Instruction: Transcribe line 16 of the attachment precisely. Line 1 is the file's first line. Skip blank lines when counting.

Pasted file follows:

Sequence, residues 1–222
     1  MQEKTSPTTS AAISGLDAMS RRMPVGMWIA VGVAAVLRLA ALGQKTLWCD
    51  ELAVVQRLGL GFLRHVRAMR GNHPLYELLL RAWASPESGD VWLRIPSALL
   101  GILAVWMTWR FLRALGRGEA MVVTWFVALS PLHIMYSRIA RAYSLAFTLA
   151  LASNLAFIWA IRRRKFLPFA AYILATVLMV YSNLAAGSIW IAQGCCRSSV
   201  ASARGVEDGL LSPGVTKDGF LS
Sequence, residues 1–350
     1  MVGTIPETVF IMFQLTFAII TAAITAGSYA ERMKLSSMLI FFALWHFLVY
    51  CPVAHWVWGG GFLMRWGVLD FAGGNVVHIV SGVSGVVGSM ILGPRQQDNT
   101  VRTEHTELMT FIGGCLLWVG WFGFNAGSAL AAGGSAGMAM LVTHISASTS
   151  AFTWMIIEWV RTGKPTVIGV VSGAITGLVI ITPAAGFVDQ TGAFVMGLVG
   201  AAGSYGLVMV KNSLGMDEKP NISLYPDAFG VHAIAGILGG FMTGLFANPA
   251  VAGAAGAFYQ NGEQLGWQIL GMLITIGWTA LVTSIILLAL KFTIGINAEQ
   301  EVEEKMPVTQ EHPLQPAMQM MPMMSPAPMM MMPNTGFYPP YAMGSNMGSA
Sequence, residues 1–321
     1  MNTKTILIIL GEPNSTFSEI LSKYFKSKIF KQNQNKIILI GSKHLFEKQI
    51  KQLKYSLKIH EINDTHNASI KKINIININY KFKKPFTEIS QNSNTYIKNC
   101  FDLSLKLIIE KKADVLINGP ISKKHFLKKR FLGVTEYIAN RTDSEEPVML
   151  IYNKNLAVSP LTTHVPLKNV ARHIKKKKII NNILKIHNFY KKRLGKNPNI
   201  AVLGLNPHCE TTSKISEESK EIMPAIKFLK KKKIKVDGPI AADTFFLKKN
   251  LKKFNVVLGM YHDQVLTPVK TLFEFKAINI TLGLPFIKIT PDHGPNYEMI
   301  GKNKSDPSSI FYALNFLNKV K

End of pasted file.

     1  MNTKTILIIL GEPNSTFSEI LSKYFKSKIF KQNQNKIILI GSKHLFEKQI